The acronym “PR” is now a popular term, but does anybody wonder if the general public knows what it actually means?
Unfortunately, the public notoriety of this acronym is based on merely a handful of the PR industry’s many other services. The now widely perceived reputation of PR also indicates that the Public has been actively scrutinizing anything that can be construed to be ‘Public Relations’ as well, and propagating negative examples that extend the reach of these memes.
So even without a clear understanding of what PR actually is, the public is now willing to form quick opinions that are often less than complimentary, often based on only the most inflammatory examples. This suggests that an entire industry that prides itself on shaping public perceptions might actually be in dire need of doing some serious some public relations work upon itself! Lest it entirely lose control of it’s own perceived identity, and disappear deep into the corporate and government structures that it serves. Retreating from a public visibility that has been progressively exposed, one brand at a time.
Historically, “media spin” and manufactured “events” seemed to have been the most recognizable traits of PR. What should now be of greater interest to PR pros, is that the industry has also been clearly associated with damage control and crisis management as well. Unfortunately, most of the clients who need such specialised services are often and already less than well-regarded to begin with, as evidenced by the many pre-existing negative public perceptions that need to be re-framed or better-managed to move forward.
This aspect of PR reminds us why an entire industry has seemingly (or at least historically) preferred to fly below the public radar to begin with. Lest it be seen as an artificial source of “truth” and painting itself with the same brushes that it uses to cover-up (erm, manage and reposition) notorious fumbles, scandals, or man-made disasters. In the end, a handful of PR firms that specialise in damage control have seemingly ruined it for all the rest, by exposing the underlying machinery of used to manufacture consent within increasingly savvy and well-networked ‘public audiences’.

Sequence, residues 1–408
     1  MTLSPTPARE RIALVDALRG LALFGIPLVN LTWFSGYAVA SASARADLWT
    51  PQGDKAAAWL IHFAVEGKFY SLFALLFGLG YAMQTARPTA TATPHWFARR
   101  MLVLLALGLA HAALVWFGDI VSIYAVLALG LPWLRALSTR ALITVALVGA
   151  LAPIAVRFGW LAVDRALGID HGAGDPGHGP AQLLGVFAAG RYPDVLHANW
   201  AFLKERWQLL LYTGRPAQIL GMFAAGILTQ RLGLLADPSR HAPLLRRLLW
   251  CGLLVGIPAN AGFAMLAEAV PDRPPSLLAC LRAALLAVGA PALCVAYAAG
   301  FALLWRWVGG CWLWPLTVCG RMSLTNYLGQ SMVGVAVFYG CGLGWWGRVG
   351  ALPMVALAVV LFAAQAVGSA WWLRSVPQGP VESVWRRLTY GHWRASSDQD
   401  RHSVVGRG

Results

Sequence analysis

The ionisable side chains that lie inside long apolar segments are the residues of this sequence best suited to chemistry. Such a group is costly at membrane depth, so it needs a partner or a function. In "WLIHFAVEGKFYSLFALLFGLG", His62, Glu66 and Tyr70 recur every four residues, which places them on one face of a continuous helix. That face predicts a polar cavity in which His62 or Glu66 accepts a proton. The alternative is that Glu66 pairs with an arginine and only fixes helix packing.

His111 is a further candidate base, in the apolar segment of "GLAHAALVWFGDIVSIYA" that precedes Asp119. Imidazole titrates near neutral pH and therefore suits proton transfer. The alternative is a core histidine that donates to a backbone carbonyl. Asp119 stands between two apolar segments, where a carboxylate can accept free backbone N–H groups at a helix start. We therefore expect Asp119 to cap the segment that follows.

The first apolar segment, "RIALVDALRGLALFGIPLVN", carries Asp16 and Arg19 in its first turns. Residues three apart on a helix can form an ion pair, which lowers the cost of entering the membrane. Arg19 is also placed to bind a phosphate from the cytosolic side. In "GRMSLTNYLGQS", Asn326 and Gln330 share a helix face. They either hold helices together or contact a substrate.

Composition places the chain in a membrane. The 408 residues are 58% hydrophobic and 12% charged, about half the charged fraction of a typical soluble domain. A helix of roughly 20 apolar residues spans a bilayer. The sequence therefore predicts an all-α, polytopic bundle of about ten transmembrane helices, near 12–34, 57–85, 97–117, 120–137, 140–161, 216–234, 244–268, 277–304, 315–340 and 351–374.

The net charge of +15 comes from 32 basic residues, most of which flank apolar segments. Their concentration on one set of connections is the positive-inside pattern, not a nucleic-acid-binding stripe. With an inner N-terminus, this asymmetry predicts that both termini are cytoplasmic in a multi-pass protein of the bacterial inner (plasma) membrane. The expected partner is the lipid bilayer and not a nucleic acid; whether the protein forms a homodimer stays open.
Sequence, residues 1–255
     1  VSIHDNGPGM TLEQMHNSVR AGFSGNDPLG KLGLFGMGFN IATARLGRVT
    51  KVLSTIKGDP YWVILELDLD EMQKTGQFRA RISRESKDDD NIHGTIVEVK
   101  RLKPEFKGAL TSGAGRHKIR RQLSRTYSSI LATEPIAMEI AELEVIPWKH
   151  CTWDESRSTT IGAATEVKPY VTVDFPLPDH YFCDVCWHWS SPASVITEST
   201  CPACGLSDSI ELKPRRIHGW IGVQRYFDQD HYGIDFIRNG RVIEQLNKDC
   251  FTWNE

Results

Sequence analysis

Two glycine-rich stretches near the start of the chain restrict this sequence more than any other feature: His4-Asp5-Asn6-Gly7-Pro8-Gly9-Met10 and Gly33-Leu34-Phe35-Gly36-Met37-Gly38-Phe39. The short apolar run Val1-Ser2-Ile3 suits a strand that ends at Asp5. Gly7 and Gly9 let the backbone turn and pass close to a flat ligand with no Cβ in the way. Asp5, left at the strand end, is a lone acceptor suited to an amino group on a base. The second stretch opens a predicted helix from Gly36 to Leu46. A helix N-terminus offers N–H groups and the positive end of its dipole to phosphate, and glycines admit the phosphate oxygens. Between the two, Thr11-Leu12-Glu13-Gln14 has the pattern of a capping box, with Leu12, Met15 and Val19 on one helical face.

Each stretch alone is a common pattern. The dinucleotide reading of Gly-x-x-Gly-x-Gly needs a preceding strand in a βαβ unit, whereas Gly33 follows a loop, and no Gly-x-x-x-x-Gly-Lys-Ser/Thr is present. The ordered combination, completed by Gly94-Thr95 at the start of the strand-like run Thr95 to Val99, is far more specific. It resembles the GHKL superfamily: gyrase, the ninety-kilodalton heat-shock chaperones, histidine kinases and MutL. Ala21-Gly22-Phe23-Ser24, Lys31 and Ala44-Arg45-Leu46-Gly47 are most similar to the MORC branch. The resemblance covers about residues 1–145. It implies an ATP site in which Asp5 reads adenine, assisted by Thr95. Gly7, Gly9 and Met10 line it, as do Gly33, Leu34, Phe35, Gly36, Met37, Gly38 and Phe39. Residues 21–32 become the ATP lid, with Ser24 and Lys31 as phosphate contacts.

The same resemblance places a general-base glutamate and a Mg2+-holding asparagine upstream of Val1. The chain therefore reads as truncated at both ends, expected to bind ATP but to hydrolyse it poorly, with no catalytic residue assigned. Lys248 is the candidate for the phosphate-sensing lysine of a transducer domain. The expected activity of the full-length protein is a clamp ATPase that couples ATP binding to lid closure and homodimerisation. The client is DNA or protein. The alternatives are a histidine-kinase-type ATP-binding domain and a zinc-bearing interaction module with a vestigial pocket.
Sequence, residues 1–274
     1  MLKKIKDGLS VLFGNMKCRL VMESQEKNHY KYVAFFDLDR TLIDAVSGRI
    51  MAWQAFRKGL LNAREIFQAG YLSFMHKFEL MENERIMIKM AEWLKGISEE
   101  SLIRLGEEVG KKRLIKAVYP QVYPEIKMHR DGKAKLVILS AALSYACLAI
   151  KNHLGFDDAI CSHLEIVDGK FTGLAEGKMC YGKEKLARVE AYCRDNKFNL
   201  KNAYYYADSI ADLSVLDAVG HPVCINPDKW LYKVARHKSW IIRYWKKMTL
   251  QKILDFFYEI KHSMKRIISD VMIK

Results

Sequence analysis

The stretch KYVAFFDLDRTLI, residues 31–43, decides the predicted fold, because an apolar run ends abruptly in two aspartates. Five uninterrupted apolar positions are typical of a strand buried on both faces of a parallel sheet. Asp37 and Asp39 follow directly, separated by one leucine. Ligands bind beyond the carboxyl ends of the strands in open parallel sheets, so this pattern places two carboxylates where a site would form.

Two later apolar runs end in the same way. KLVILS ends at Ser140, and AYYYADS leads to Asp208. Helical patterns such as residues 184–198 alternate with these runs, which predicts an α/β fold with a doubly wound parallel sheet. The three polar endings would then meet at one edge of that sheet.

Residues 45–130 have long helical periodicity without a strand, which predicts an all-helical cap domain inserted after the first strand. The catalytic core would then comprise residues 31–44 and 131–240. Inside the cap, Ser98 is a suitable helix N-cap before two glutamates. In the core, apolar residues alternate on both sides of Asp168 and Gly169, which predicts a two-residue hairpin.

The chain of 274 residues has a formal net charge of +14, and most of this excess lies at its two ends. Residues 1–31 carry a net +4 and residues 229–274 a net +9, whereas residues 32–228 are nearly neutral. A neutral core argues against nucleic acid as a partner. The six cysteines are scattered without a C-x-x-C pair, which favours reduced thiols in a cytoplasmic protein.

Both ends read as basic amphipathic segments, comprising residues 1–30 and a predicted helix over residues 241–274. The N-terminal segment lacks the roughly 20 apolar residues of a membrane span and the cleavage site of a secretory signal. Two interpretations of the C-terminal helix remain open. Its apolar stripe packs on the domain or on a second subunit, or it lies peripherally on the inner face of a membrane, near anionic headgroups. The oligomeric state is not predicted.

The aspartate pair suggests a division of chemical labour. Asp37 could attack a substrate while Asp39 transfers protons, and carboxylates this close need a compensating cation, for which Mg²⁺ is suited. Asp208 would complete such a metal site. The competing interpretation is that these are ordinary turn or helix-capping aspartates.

As a result, the Public now seems quite ready (if not over-eager) to label any constructed media messages or cultural memes with such popularised monikers as “PR spin” or “astro-turffing”, regardless of any positive social results that might also arise. Worse yet, even reasonable arguments or counterpoints, from private individuals in the socialmedia space, are being increasingly dismissed as the work of PR flacks. Thus neutralizing a healthy discourse for everyone because of this increasingly negative view of PR.
So where can things go from here, as the pros try to map out a PR2.0 approach to managing our perceptions and gaining our permissions.
How Does the Public Know PR?
What’s intriguing about this rather selective scenario, is that the general public hasn’t actually come to recognize the term “PR” as a result of its own personal participation, usage, or experience in the industry itself. Rather, these public perceptions have been derived through an acquired and subjective understanding of the perceived effects of PR upon the world around them.